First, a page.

However, if you look at Tracy's pinch-hitting numbers as provided by Baseball-Reference.com, you'll see that his stats over the same period are inferior to those of Dobbs: 

    SEASONABHHRRBIPHlev
    20124612191.23
    20136411251.21

    Tracy is no longer under contract with the Nats, as he signed a one-year, $1 million contract for the 2013 season according to Cot's Baseball Contracts

    With that in mind, along with the reality of his less-than-impressive 2013 season, Tracy spoke to Adam Kilgore of The Washington Post on Sept. 27: 

    I definitely want to play. I feel like I still have a whole lot left. I just need the right situation, the right opportunity. It’s kind of one those things, I don’t want to go out like this. I still feel when I get at-bats in the right situations that I produce. I’d love to come back here. We’ll see what happens with that. 

    The Nationals should let Tracy know that the "right situation" for him as far as the 2014 season goes is not in Washington. 

4. Sign LHP Eric O'Flaherty

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    According to Adam Kilgore of The Washington PostEric O'Flaherty is one possible choice for the Nationals as they look to increase the number of left-handed options in their bullpen. 

    The following table shows what O'Flaherty accomplished in his injury-shortened 2013 campaign, along with his career numbers:  

     WLERAGSVSVOIPHRBBSOAVGWHIP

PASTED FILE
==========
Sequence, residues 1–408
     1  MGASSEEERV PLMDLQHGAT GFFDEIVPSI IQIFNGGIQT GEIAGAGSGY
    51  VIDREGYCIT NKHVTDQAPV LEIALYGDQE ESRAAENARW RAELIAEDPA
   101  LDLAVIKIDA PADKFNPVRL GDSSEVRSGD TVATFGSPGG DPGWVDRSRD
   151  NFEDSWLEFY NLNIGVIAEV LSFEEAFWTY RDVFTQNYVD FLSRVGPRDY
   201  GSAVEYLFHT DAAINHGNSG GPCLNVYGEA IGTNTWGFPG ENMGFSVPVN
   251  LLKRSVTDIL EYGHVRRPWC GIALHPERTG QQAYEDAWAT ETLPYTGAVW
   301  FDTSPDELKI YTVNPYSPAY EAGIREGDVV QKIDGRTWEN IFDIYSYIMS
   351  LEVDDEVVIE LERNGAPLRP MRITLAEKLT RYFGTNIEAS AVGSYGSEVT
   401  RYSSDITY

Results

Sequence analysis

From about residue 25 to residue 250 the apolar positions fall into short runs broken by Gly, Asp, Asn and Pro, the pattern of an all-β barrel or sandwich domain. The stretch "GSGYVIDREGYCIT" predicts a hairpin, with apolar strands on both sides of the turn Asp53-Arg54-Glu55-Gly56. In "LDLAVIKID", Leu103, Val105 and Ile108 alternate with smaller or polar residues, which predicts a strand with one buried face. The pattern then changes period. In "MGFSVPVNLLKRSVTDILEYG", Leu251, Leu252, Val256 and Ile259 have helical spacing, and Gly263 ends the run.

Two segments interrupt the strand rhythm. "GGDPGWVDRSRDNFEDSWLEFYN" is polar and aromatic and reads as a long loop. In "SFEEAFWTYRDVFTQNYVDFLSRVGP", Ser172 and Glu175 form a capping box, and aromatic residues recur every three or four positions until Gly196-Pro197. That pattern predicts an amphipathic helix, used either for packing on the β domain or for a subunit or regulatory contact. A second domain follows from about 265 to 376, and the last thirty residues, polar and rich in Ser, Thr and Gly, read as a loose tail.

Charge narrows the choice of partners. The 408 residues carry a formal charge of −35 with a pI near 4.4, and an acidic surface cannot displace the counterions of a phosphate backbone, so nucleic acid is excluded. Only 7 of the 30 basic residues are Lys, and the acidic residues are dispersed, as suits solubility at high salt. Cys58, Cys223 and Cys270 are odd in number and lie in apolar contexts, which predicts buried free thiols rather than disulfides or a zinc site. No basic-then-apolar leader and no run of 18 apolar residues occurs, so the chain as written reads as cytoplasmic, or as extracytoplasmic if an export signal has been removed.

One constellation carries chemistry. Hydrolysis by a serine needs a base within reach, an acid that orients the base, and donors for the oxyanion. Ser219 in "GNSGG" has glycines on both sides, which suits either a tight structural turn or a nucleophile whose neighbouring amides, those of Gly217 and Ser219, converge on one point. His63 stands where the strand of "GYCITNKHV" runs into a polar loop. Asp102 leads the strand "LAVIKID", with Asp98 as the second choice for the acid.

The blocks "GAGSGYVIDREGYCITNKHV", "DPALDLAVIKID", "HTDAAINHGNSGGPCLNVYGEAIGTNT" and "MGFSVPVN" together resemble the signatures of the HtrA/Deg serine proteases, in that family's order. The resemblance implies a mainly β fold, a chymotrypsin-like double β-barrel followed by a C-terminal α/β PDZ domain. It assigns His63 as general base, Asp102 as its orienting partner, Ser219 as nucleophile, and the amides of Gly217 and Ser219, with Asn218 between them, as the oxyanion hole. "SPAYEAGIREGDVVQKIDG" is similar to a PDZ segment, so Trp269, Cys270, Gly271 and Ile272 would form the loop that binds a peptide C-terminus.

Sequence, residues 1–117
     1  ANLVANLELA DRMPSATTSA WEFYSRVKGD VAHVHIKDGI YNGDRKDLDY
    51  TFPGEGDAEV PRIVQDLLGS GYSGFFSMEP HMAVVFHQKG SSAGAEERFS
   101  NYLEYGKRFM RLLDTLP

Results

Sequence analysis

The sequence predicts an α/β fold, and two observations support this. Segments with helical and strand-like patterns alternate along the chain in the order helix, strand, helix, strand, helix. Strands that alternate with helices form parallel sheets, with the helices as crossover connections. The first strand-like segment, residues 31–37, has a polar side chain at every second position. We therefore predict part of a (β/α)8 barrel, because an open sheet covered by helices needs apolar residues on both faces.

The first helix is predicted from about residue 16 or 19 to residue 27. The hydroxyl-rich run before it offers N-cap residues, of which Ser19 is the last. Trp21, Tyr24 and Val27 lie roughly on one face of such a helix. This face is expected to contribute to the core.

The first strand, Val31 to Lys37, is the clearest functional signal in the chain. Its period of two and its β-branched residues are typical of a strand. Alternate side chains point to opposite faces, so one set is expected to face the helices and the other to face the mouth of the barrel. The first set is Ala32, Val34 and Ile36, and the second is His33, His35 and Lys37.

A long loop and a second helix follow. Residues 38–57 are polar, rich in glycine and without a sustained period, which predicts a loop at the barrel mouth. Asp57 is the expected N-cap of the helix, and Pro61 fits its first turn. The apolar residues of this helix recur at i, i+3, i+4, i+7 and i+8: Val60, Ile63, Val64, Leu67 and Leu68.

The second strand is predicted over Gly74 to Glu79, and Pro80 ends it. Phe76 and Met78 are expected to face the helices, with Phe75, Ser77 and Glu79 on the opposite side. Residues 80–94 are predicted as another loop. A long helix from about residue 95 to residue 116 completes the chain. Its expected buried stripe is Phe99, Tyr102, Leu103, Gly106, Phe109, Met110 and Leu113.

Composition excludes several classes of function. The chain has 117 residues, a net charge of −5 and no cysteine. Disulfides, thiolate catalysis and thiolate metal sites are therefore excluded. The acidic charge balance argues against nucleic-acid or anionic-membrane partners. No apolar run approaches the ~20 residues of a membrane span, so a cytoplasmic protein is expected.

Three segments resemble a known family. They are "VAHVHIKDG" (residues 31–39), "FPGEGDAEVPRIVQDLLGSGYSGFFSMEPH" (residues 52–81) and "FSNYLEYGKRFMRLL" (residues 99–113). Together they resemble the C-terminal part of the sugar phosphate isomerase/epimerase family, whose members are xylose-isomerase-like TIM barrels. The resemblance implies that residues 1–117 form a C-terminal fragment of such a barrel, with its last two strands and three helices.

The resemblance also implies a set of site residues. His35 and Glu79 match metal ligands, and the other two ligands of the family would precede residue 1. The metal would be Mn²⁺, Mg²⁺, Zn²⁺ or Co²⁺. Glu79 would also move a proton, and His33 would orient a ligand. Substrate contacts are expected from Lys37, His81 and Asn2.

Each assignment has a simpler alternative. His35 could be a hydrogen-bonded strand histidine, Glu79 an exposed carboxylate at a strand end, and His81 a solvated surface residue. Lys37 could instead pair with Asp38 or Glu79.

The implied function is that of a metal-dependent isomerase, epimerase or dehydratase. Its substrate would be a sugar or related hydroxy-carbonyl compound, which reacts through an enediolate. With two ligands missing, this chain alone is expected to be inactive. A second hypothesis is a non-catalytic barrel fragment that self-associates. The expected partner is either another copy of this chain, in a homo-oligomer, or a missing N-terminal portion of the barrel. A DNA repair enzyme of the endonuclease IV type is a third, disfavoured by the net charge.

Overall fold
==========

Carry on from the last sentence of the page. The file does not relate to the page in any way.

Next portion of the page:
2013302.50190118.02511.1880.94
    CAREER2092.85373012319.116111245.2411.24

     

    One final thing that will make O'Flaherty's signing well worth it: The Nats would be signing him away from their bitter rival, the Atlanta Braves.

    As the old baseball saying goes: If you can't beat him, sign him. 

3. Let Dan Haren Walk...

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    The Washington Nationals should make no effort to re-sign Dan Haren

    The 33-year-old right hander had been signed by the Nationals to a one-year contract worth $13 million, according to Cot's Baseball Contracts. Haren did not live up to the contract. 

    Take a look at his 2013 season compared to his 162-game average, according to Baseball-Reference.com

    CATEGORYWLERAGGSIPBBKWHIP
    2013 Season10144.673130169.2311511.238
    162-Game Average14123.743533216.0451841.186

     

    On Sept. 26, Haren spoke to Adam Kilgore of The Washington Post about his season and how it would affect his value on the free agent market this offseason: